The second pillar of creating authentic confidence is wisdom. Wisdom is both the acquisition and keeping of knowledge and the use of knowledge to make good judgments. Wisdom is acquired through time by learning and perfecting skills and a body of information related to one’s specialty.
How does wisdom build confidence? In part, it’s because your knowledge increases. You learn how to do things and handle different situations and issues that might arise at work or in your personal life.
This knowledge creates a firm foundation for you to be confident. You might not have known how to handle a calculus problem the first time you saw it, for example, but after you learn how, your mind knows how to deal with it and you naturally become confident in your ability to do so.
The same thing happens with experiences. Think about your first time doing something like driving a car. You don’t know anything about it and are probably nervous. Once you’ve done it hundreds of times, you don’t even think about it anymore. That’s the confidence that comes from experience-based wisdom.
Finally, you gain confidence from making sound (and sometimes unsound) judgments. In any situation in which you must make a decision, you draw on your knowledge and previous experience.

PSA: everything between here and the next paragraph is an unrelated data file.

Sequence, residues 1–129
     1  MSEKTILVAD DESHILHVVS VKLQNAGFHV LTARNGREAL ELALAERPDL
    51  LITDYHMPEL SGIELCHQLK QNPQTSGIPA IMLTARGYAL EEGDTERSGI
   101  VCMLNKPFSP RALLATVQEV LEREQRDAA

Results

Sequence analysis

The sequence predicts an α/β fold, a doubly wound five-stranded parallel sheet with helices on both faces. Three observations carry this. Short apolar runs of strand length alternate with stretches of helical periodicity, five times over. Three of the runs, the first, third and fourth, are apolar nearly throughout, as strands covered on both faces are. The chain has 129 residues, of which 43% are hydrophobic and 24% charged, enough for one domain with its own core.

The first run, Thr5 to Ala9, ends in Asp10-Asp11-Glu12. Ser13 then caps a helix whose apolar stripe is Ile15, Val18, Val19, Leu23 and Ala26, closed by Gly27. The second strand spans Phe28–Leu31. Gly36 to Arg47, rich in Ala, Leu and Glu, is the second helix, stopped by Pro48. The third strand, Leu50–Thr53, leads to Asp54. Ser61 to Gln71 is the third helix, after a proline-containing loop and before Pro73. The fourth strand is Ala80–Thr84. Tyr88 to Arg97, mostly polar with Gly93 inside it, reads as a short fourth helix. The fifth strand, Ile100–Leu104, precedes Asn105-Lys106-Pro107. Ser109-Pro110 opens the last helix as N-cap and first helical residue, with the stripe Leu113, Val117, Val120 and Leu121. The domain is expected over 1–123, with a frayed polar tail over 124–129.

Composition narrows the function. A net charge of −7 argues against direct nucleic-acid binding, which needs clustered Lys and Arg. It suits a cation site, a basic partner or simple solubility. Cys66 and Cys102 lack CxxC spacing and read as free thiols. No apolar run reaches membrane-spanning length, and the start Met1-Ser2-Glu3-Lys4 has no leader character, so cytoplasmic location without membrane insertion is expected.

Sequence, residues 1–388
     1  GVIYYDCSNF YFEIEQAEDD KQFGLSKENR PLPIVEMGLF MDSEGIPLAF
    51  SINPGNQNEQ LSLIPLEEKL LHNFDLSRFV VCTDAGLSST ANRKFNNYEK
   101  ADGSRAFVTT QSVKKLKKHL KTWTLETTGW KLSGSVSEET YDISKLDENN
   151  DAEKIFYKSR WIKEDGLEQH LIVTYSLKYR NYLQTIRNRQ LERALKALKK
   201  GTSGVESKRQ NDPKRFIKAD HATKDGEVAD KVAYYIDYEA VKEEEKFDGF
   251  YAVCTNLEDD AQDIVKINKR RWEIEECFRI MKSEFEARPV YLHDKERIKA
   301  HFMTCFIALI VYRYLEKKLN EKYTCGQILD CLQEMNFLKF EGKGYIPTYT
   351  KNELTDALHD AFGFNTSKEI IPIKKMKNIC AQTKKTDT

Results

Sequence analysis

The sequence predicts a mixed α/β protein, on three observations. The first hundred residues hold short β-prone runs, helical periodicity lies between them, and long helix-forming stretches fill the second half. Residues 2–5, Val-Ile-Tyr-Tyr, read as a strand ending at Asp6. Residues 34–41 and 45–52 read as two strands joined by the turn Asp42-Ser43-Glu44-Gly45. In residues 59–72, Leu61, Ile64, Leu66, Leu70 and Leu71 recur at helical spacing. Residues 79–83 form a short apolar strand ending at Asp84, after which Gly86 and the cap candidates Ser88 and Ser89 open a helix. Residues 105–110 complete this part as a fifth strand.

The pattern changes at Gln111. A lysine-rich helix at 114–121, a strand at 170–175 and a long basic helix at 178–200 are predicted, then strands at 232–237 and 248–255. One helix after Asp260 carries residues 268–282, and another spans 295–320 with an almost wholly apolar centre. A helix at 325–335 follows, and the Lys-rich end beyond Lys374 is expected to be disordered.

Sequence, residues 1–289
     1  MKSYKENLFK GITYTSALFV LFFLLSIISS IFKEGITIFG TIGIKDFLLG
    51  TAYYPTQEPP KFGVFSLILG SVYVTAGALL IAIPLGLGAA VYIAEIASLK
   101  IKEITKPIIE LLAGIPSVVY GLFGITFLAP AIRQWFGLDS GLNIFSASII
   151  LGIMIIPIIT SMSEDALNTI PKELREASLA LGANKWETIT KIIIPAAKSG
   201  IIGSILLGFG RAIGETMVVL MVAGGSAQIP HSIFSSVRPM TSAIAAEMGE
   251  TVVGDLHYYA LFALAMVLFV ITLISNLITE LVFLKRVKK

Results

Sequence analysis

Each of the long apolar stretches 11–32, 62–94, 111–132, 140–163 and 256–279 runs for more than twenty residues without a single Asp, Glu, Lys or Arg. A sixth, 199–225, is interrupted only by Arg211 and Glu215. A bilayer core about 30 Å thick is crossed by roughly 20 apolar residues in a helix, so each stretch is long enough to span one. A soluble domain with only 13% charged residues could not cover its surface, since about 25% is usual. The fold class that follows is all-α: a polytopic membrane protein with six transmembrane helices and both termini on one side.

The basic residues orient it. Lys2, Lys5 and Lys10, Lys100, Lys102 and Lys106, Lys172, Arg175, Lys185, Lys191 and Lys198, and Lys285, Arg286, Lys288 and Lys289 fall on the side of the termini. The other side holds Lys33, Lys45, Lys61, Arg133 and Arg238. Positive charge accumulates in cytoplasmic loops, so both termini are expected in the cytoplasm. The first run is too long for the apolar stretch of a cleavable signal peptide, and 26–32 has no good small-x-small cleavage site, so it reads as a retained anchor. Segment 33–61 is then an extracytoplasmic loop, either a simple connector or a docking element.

If you judge (decide) correctly, you gain wisdom and confidence. If you judge incorrectly, you still gain the wisdom of what not to do next time! This builds confidence.
Wisdom-based confidence accumulates over a lifetime. It increases as you age and gain experience and knowledge. You should be wiser at 30 than 20, and wiser than both at 60. The wisdom that comes from experience is why elders are so revered in many traditional societies.
You can speed matters up, however, in three different ways. You don’t have to wait until your golden years to develop wisdom. You can accelerate the process by actively seeking to acquire new knowledge. Never stop learning. Pick new things that interest you and explore them. When you finish learning one thing, try something else.
Developing your skills is another way to accelerate the wisdom curve. Practice, practice, and then practice some more. Become a master of your discipline. Try out new ideas and new ways of doing things. Even if they fail, you’ll gain knowledge and wisdom.
Finally, you can speed up the process by seeking out new experiences and new opportunities. Try new things continuously and both your wisdom and confidence will increase.
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